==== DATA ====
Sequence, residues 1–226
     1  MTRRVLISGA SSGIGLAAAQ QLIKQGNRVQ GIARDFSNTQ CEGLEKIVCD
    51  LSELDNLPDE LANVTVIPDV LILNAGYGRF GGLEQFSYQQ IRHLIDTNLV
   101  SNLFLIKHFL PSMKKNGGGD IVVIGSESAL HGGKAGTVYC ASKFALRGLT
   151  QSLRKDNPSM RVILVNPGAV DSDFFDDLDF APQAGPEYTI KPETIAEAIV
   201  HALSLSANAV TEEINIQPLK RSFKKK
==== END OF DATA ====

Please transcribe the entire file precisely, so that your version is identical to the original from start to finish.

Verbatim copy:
Sequence, residues 1–226
     1  MTRRVLISGA SSGIGLAAAQ QLIKQGNRVQ GIARDFSNTQ CEGLEKIVCD
    51  LSELDNLPDE LANVTVIPDV LILNAGYGRF GGLEQFSYQQ IRHLIDTNLV
   101  SNLFLIKHFL PSMKKNGGGD IVVIGSESAL HGGKAGTVYC ASKFALRGLT
   151  QSLRKDNPSM RVILVNPGAV DSDFFDDLDF APQAGPEYTI KPETIAEAIV
   201  HALSLSANAV TEEINIQPLK RSFKKK